I’ve been fascinated by the Supreme Court’s Heller Second Amendment case since it was called Parker, and one of the most interesting aspects is the important role that law reviews played. A small minority of scholars who thought the Second Amendment protected an individual right started publishing research, and their views eventually became what Glenn Reynolds called the “standard model.”
The Harvard Law Review has several articles online about the case, including one that explores its own role in the decision.
I’m not sure the Foreword will draw anyone in, though:
In this Foreword, I argue that oral dissents, like the orality of spoken word poetry or the rhetoric of feminism, have a distinctive potential to root disagreement about the meaning and interpretation of constitutional law in a more democratically accountable soil.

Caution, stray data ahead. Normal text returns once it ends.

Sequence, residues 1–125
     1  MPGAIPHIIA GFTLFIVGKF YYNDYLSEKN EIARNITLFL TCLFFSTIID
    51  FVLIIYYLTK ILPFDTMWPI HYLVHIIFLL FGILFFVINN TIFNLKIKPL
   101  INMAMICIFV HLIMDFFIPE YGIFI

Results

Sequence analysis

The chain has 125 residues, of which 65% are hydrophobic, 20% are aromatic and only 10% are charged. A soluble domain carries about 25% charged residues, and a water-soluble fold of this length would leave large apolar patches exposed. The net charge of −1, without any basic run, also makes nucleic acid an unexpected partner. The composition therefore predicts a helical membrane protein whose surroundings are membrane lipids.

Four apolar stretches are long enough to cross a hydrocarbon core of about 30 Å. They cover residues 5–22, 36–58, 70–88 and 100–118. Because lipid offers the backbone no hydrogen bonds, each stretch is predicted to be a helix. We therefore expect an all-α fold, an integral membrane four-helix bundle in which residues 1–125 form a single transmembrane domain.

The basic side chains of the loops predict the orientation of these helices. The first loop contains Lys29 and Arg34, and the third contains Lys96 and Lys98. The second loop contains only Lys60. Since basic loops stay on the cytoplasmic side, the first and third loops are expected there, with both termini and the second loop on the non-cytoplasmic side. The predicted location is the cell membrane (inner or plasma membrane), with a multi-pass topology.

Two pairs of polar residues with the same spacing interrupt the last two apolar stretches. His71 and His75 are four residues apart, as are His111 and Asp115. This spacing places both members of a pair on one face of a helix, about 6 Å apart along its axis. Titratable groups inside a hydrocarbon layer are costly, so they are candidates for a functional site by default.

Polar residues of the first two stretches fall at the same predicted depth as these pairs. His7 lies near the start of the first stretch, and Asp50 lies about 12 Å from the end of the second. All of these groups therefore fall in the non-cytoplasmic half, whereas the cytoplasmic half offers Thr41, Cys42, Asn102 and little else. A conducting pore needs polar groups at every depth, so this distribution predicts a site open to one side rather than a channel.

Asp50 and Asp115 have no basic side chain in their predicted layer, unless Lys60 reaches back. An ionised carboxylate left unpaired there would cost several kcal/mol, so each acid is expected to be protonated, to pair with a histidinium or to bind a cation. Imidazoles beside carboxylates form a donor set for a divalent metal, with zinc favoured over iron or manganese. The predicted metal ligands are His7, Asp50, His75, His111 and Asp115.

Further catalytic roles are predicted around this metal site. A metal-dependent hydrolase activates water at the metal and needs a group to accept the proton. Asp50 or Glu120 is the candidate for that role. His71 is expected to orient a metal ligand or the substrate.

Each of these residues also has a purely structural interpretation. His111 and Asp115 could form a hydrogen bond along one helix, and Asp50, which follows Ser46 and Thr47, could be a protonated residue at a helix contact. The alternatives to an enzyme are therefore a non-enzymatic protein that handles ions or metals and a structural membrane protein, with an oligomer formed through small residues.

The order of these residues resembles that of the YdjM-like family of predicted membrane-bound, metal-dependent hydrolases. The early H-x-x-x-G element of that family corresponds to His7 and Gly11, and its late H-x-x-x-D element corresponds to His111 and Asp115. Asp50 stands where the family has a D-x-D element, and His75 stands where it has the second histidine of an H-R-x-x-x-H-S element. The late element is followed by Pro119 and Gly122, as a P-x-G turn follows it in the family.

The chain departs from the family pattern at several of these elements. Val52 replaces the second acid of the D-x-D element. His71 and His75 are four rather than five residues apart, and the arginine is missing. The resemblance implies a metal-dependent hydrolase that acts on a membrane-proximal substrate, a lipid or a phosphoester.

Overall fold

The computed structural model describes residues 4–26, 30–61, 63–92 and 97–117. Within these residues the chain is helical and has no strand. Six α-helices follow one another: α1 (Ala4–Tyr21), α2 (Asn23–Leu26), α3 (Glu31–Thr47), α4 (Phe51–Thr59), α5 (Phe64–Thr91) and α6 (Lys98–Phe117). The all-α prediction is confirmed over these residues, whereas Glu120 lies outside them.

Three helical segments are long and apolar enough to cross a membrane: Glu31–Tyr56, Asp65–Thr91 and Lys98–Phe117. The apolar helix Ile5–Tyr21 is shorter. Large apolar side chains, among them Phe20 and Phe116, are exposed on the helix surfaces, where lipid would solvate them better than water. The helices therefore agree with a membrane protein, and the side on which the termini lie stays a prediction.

At first I thought “the orality of spoken word poetry” was redundant, but Wikipedia informs me that orality “can be defined as thought and its verbal expression in societies where the technologies of literacy (especially writing and print) are unfamiliar to most of the population.” In which case the sentence just doesn’t make sense, because spoken-word poetry is quite common outside of illiterate populations — in fact, I’d guess most spoken-word poets write their words first. Also, I don’t see how spoken-word poetry has a “distinctive potential to root disagreement about the meaning and interpretation of constitutional law” anywhere (though it’s obvious how feminism and its rhetoric has distorted our nation’s founding document). Hmm.